As Hurricane Ian aims at Florida’s Gulf Coast with a likely devastating brew of storm surge, damaging winds and widespread flooding, forecasters in the Northeast are keeping a wary eye on the storm’s expected slow trek through the Southeast and Mid-Atlantic states.
The best-case and likely scenario for the Berkshires: A close call but only fringe effects as the remnants of Ian are expected to curve out to sea south of New York City, thanks to a strong Canadian high pressure system that will serve as a shield for New England.
“The bottom line is that we are not expecting significant impacts from the remnants of Ian, but some rainfall cannot be ruled out over the weekend into early next week.” said meteorologist Dan Thompson of the National Weather Service in Albany, N.Y., in an online post.
But the Sarasota-Fort Myers and Tampa Bay regions remain in the bulls-eye as Ian, a nearly Category 4 hurricane, churns slowly through the southeastern Gulf of Mexico. Ian is forecast to approach the west coast of Florida on Wednesday as an extremely dangerous major hurricane, the government’s National Hurricane Center reported.
Early Tuesday evening, it was 225 miles south-southwest of Sarasota. Top sustained winds were 120 mph, with higher gusts. Ian was moving north at only 10 mph.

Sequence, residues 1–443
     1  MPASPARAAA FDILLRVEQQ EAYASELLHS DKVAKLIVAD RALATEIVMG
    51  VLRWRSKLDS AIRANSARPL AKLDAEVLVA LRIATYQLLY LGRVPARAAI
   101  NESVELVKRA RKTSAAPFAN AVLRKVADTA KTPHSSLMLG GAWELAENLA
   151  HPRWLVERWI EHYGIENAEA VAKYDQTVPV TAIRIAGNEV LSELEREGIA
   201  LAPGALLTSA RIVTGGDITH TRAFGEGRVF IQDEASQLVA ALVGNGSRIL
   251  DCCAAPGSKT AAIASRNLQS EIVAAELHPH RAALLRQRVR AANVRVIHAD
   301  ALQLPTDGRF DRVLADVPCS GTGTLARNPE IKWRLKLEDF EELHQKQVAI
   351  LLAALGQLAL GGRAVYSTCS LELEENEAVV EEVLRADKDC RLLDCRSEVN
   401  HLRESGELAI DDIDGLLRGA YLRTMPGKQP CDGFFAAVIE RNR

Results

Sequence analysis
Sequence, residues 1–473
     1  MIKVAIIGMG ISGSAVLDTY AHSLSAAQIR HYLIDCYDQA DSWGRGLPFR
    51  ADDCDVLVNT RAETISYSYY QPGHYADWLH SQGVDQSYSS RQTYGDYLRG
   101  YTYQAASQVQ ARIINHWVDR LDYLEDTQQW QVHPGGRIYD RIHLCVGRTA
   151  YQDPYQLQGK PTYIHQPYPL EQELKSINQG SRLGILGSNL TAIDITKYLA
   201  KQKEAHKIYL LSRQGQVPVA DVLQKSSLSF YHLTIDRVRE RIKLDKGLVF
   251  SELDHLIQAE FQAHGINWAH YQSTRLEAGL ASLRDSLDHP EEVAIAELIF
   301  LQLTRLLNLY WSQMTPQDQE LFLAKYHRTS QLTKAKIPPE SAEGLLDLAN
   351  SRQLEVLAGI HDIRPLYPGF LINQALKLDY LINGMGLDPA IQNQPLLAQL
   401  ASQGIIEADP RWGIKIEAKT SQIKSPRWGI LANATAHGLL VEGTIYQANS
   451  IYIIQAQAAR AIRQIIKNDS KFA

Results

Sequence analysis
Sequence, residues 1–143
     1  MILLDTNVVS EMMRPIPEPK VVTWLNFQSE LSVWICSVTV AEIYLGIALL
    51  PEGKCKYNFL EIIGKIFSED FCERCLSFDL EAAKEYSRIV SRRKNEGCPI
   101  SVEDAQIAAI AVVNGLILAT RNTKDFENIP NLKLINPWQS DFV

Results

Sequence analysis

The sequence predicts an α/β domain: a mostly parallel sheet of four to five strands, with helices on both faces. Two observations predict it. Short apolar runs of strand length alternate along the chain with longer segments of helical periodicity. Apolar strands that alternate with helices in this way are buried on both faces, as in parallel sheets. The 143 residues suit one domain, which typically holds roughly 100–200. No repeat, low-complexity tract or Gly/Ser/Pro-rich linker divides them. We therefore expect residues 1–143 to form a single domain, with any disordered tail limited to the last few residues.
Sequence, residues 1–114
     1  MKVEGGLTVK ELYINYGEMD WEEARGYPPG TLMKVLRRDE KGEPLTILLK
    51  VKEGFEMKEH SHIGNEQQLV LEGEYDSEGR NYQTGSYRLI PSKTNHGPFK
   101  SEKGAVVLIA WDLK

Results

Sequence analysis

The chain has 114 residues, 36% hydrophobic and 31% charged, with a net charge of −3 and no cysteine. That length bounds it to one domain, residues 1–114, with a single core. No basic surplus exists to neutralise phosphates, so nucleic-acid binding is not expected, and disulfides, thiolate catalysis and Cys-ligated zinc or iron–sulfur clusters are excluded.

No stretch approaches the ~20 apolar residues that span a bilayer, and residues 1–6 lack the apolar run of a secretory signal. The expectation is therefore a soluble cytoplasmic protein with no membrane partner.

Multiple warnings remained posted for a storm surge and hurricane-force winds along an extended portion of Florida’s Gulf Coast. Rainfall through Thursday night was expected to total 12 to 16 inches, with some areas swamped by up to 24 inches.
Life-threatening storm surge looks increasingly likely along much of Florida’s west coast where a storm surge warning is in effect, with the highest risk from Fort Myers to the Tampa Bay region.
Tropical storm warnings also were up along Florida’s East Coast from Boca Raton to southeastern Georgia as well as the lower and middle Florida Keys. A tropical storm watch extended up the coast to South Carolina.
After weakening slightly over western Cuba early Tuesday, Ian restrengthened later in the day over extremely warm Gulf waters, 85 to 90 degrees, ideal fuel for a hurricane.
Widespread, major flash and urban flooding are expected from Wednesday to Friday across central and northern Florida, southern Georgia, and coastal South Carolina, with significant, prolonged river flooding expected across central to northern Florida.
Flash and urban flooding are also expected with rainfall across southern Florida through Wednesday.
According to AccuWeather, the widespread nature of the impacts on the Northeast, mainly tropical rainfall, will depend heavily on the exact trajectory of Ian through this weekend.
There will be a lot of dry air in the Northeast prior to Ian's arrival. It's possible this could minimize the amount of rain the region receives.
Based on recent rainfall across the mid-Atlantic states, areas in eastern North Carolina, eastern Virginia and the Delmarva Peninsula could have an increased risk of flooding. Those regions have been abnormally dry or are in a moderate drought, according to the most recent update from the U.S. Drought Monitor.